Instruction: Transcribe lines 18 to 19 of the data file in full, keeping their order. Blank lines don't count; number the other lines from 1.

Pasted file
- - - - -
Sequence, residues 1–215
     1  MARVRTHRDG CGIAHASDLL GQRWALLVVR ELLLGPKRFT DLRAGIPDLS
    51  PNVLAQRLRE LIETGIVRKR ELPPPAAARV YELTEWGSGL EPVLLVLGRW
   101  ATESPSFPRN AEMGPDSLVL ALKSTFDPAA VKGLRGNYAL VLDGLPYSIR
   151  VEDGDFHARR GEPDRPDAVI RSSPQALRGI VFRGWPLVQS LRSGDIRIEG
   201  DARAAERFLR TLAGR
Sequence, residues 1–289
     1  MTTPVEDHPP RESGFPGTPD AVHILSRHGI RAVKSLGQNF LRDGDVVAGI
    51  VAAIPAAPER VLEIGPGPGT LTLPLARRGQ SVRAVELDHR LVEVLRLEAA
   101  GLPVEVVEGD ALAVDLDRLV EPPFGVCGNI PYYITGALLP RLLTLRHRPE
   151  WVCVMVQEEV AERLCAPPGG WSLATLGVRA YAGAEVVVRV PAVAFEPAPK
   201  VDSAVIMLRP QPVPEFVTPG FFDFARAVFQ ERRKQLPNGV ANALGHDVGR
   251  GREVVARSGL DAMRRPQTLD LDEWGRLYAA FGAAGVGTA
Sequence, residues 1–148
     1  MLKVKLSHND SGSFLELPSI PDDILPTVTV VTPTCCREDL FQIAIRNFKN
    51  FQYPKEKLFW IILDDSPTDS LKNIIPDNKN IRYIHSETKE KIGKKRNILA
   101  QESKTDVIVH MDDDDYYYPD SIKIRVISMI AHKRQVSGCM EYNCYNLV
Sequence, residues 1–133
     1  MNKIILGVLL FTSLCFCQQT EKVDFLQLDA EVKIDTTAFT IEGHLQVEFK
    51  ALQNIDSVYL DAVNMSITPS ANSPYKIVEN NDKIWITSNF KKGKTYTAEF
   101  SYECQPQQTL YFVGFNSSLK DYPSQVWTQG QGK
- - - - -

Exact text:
Sequence, residues 1–133
     1  MNKIILGVLL FTSLCFCQQT EKVDFLQLDA EVKIDTTAFT IEGHLQVEFK